I wish he didn't draw on the wall.

mimi2

Senior Member
vietnam vietnamese
Hi,
Peter always draws on the wall.
1. I wish he didn't draw on the wall.
2. I wish he wouldn't draw on the wall.
Please tell me if the first sentence is right?
Thanks.
 
  • Thomas Tompion

    Senior Member
    English - England
    Hello, Mimi,

    Yes, the first sentence is right.

    What interests me is the difference between it and the second sentence, which is also right but is appropriate to different circumstances.

    Obviously in both cases Peter draws on the wall.

    I wish he didn't suggests that there's not much one can do about it; it's part of his nature, and unfortunate. It's what a mother might say, reviewing the progress of her child.

    I wish he wouldn't suggests that he can be cured, or constrained, or discouraged, from this activity. It's what a headmistress might say before talking about how she was going to deal with the matter.
     

    mimi2

    Senior Member
    vietnam vietnamese
    Hi, Thomas Tompion.
    Thank you very much.
    Similarly, Is it right both the following sentences are correct?
    My grandmother always complains about something or other:
    a. I wish she didn't complain about something or other.
    b. I wish she wouldn't complain about something or other.
    However, The second sentence is the best choice, isn't it?
     

    aplomb

    Member
    India, Hindi,English
    I would like to ask here the tense that should be followed by wish.
    As in the first sentence its past tense.
     

    Thomas Tompion

    Senior Member
    English - England
    Hi, Thomas Tompion.
    Thank you very much.
    Similarly, Is it right both the following sentences are correct?
    My grandmother always complains about something or other:
    a. I wish she didn't complain about something or other.
    b. I wish she wouldn't complain about something or other.
    However, The second sentence is the best choice, isn't it?
    I hear it better if we make it more specific.

    Of the old lady:

    a. I wish she didn't complain about her back.
    b. I wish she wouldn't complain about her back.

    Each is correct and you couldn't say one was better than another; each is appropriate to its own circumstances.

    a. If you say this, you might be suggesting either that you wish her back was better so she didn't have to complain about it, or that you wish she would just keep quiet and bear her pain in silence.

    b. This has a more plaintive note, to my ear. It suggests that her complaining is becoming something of a trial, and might even not be based on real discomfort, but on a need to have something to complain about.
     

    mimi2

    Senior Member
    vietnam vietnamese
    Thank you very much, Thomas Tompion.
    It is very interesting to know the hidden meaning in the sentence. I can't feel it without your help. Thanks a lot.
    Ah, I think you are having your breakfast. It's 3:32PM here, in Vietnam.
     

    Thomas Tompion

    Senior Member
    English - England
    Thank you very much, Thomas Tompion.
    It is very interesting to know the hidden meaning in the sentence. I can't feel it without your help. Thanks a lot.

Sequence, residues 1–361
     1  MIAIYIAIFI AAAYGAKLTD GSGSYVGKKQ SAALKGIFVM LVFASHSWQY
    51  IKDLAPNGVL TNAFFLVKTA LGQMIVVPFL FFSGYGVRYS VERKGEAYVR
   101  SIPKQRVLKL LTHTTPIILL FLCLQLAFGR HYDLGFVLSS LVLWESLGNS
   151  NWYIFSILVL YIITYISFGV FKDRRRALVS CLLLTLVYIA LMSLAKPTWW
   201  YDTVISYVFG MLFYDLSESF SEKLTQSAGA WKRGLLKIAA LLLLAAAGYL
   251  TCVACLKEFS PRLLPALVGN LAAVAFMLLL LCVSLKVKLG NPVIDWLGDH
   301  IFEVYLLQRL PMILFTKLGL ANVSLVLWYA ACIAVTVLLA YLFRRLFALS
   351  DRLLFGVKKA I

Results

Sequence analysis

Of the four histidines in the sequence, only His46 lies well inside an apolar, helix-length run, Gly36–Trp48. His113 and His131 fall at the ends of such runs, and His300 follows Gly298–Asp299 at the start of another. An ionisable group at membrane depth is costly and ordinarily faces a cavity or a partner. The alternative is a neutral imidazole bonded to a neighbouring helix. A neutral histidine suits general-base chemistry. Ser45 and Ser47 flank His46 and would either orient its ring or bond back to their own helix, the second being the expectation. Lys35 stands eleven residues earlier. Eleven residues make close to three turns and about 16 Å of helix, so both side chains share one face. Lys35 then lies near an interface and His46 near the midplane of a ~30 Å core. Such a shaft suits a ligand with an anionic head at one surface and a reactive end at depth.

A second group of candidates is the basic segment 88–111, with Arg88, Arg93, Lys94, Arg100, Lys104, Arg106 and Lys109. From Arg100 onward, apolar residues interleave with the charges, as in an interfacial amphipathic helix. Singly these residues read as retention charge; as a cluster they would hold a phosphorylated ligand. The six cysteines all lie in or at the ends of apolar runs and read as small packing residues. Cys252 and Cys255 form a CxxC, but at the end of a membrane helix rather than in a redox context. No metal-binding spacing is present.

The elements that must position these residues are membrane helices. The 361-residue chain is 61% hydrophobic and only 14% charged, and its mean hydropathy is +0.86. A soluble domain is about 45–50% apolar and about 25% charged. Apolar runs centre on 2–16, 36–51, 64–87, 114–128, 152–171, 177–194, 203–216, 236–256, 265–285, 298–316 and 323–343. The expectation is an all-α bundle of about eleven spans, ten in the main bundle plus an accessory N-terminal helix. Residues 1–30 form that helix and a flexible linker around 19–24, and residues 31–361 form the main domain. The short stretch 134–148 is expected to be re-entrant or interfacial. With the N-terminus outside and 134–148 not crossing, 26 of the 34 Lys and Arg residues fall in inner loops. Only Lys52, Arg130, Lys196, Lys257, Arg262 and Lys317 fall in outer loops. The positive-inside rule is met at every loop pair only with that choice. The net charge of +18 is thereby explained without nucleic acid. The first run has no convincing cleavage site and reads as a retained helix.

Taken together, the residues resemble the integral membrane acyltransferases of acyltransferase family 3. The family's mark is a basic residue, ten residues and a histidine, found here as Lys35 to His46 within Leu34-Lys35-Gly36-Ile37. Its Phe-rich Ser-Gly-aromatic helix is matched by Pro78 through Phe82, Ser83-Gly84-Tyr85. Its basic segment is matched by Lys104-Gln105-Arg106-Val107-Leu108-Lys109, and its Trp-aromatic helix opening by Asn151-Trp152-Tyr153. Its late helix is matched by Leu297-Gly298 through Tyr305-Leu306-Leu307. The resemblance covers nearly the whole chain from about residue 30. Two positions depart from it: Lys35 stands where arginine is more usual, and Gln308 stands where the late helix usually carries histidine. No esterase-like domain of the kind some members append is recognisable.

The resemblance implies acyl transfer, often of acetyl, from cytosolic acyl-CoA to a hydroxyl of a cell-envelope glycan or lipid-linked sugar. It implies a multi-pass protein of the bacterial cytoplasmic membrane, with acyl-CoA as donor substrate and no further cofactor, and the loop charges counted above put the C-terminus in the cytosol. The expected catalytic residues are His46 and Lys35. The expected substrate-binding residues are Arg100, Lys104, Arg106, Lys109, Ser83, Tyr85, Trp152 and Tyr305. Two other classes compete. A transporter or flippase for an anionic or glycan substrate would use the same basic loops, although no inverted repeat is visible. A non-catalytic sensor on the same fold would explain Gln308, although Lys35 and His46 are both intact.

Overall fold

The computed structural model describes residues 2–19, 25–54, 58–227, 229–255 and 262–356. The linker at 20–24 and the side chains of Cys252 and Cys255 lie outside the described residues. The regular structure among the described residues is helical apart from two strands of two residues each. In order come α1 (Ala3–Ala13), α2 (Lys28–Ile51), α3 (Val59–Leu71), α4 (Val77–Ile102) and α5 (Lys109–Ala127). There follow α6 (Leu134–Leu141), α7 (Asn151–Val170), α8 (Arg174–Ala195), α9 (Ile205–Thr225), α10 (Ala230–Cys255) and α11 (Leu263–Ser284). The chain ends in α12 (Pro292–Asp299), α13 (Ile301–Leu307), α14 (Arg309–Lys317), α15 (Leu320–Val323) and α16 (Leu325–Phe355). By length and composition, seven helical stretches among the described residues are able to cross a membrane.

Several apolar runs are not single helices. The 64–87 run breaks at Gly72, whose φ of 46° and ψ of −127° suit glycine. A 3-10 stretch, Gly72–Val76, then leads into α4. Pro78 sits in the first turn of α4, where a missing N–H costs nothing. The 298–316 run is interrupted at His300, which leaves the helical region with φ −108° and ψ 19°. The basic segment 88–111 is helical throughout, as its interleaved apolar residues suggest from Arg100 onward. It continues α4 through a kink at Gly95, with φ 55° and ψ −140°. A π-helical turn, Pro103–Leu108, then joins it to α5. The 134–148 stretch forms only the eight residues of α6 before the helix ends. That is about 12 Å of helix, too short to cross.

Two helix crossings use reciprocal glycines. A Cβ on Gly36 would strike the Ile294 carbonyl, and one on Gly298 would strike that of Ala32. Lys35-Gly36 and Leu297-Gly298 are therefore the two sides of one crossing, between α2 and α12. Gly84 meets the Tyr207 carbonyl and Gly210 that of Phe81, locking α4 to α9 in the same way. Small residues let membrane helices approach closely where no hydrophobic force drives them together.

Ah, I think you are having your breakfast. It's 3:32PM here, in Vietnam.
    Mimi, you know I always have breakfast around 3.32 p.m. We're having storms here and my saluki didn't sleep well, so I'm up early.

    I enjoyed your question. The differences in meaning are quite subtle and I wondered about them. If I were you I'd keep an eye on this thread. Someone may come in with a different point of view.
     

    LQZ

    Senior Member
    Mandarin
    Today I wrote a sentence: I wish he succeeded, to express my discontent. I assume that he is my competitor at office; one day he is promoted to a higher position, but I am jealous of his promotion.

    However a native teacher told me it should be: I wish he had succeeded.

    Just now I did a thorough search on this forum, ending up more bewildered. Could you please explain it to me? Thanks.


    LQZ
     

    Loob

    Senior Member
    English UK
    Today I wrote a sentence: I wish he succeeded, to express my discontent. I assume that he is my competitor at office; one day he is promoted to a higher position, but I am jealous of his promotion.

    However a native teacher told me it should be: I wish he had succeeded.

    Just now I did a thorough search on this forum, ending up more bewildered. Could you please explain it to me? Thanks.


    LQZ
    Can you tell us a bit more about what you wanted to express, LQZ? I'm pretty sure that neither I wish he succeeded nor I wish he had succeeded works in this context.

    Are you being sarcastic?
     

    Loob

    Senior Member
    English UK
    Then I suspect what you want is something like "I wish him every success":).
     

    Thomas Tompion

    Senior Member
    English - England
    If you want him to be a failure, you'd say:

    I hope he doesn't succeed, or
    I hope he won't succeed, which is referring to a more specific task, usually.

    I can't imagine anyone saying I hope he wouldn't succeed:cross::eek:. I hoped he wouldn't succeed:tick::thumbsup::) would be fine.
     
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